The Scriptures for Ash Wednesday are the same in each of the three years of the lectionary cycle. We hear the solemn call to repentance from Joel, urging us to “rend our hearts and not our garments” (Joel 2:13). Psalm 51, a penitential prayer, calls upon God to cleanse and renew the wayward. The Epistle declares the God is reconciling sinners through Christ, who offers righteousness rather than retribution (2 Corinthians 5:21). Finally, the Gospel reading urges humility in spiritual practices, especially when we fast, pray, and give alms (Matthew 6:1-6, 16-21).
Each of these texts calls us to recognize how inescapable is our accountability to God and how prone we are to neglect that reality. Receiving the imposition of ashes reminds us of our temporality and our need of the breath of God, the Spirit, to sustain our lives.
A revered theology professor, Dr. William Hendricks, used to greet his class with these words: “Frail children of dust.” It was a bracing message for students in their early twenties, at the height of physical strength and intellectual promise. For those who let the words find resonance in their spirits, it was a perceptive reminder of their true estate.
Lent is a journey through the wilderness of our lives that makes possible “coming to ourselves,” an echo of the experience of the Prodigal. We wrestle with our temptations, acknowledge those overweening desires that seduce us, and feel the deep hunger of our spiritual poverty.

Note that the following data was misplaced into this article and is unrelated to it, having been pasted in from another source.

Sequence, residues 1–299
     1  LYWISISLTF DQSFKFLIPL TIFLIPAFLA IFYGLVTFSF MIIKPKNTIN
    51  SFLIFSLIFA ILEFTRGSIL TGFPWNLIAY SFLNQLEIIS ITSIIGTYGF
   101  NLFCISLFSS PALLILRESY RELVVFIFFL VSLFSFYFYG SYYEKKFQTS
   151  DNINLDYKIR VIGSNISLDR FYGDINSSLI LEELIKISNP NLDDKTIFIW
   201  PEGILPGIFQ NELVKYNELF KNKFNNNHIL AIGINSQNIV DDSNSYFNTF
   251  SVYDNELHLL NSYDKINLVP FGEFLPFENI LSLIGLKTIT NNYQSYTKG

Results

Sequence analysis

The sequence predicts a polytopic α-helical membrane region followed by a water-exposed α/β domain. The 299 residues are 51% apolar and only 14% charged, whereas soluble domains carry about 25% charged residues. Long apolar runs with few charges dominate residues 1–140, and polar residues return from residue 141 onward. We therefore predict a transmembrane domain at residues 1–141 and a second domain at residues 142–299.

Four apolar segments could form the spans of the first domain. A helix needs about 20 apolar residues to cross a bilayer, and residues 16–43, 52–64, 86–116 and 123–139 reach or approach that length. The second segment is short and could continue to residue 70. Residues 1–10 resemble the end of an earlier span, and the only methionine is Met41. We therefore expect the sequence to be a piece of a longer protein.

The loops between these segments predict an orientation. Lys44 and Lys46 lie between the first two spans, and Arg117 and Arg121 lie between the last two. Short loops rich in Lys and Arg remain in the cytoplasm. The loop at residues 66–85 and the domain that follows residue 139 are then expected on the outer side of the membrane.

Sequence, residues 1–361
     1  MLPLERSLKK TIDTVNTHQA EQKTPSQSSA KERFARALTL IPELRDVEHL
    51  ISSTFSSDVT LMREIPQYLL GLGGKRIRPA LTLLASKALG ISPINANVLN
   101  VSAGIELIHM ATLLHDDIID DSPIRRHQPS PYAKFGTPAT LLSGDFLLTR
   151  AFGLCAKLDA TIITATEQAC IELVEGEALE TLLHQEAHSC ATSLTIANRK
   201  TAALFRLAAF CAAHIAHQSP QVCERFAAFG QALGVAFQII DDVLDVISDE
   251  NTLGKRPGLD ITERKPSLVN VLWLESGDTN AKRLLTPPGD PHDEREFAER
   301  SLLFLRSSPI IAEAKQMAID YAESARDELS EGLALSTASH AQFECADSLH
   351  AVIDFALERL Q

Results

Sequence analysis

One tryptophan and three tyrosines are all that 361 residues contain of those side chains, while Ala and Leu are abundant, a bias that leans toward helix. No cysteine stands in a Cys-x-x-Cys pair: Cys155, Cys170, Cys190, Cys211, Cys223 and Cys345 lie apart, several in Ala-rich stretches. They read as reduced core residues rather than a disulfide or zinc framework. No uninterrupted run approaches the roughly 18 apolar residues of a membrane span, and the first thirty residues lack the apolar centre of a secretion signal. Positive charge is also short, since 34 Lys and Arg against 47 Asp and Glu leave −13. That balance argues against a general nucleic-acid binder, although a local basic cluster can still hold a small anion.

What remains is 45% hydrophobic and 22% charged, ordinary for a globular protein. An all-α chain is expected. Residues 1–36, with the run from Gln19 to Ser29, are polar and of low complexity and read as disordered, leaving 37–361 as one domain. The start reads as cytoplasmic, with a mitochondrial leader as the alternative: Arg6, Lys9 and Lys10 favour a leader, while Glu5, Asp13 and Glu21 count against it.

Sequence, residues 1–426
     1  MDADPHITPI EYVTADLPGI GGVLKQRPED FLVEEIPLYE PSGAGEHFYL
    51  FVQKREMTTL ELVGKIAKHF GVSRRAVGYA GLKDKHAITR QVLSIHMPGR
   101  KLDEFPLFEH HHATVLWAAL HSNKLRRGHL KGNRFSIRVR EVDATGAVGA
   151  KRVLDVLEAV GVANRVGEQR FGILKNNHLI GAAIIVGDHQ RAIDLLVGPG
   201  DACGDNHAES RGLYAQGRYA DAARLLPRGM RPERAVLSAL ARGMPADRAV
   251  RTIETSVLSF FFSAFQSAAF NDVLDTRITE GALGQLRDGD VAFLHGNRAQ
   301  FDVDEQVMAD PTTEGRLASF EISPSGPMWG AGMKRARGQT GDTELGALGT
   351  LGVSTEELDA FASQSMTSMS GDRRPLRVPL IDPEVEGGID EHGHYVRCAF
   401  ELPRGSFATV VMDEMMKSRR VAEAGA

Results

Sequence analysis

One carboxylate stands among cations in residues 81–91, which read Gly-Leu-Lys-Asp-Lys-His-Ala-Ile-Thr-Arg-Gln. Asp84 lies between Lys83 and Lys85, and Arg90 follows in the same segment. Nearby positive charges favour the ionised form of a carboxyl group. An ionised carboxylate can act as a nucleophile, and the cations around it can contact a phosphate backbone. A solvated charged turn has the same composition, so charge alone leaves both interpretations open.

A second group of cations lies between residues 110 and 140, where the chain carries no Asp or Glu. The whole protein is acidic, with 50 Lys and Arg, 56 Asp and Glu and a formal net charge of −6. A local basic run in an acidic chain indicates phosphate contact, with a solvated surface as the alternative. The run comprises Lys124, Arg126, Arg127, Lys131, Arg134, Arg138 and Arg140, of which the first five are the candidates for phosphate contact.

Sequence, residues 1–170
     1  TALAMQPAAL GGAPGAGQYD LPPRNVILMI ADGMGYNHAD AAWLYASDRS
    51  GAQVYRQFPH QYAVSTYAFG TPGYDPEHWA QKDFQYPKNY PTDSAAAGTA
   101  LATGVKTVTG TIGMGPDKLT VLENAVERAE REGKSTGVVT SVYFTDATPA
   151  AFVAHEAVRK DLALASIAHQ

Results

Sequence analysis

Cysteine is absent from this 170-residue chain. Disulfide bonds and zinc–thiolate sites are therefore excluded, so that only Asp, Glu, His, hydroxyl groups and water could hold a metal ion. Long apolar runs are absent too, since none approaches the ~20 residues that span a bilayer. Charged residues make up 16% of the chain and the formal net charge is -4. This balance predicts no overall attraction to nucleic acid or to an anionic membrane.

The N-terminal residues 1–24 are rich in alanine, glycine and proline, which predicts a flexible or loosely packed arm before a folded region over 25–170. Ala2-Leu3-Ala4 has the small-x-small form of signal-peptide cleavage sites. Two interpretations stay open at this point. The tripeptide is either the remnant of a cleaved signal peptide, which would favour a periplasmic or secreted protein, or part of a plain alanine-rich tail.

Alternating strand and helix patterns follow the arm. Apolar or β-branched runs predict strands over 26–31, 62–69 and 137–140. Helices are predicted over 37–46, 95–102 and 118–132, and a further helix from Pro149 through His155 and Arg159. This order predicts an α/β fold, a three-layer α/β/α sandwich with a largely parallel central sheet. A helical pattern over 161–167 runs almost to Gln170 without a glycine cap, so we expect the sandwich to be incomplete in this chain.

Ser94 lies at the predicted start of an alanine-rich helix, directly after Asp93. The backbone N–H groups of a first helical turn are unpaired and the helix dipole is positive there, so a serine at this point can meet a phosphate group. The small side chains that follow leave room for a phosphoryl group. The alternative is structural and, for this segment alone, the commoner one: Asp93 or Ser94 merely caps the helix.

We seek to put off practices that prevent human flourishing and put on those that nurture faith and hope. Confession, repentance, fasting, and alms giving to the poor prepare us to living more fully before the presence of God, to whom all hearts are open.
In her reflection on this holy season, The Rising, Wendy Wright urges stark measures: “Let go of the old ways that lead to such pain. Start over. Fast. Empty yourselves to be filled with something new.”
On Ash Wednesday, I will be flying to Myanmar once again (with ashes on my brow), just ahead of our students and other faculty members. I will be conferring Doctor of Ministry degrees on ten of the first cohort of students shared by Central and Myanmar Institute of Theology on March 9th. In that dusty land of burden and blessing, I will recognize human frailty and our groaning need of gracious redemption.
Molly T. Marshall
Central prepares women and men for seeking God, shaping church, and serving humanity.